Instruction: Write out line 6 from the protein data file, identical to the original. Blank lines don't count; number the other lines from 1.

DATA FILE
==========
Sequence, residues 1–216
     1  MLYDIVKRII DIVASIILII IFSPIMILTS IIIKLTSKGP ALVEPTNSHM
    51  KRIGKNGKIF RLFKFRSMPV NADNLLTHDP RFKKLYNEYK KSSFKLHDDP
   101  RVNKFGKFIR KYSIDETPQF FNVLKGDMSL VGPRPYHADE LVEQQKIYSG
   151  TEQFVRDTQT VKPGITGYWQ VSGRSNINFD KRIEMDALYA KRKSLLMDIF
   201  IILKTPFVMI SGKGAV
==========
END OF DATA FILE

   201  IILKTPFVMI SGKGAV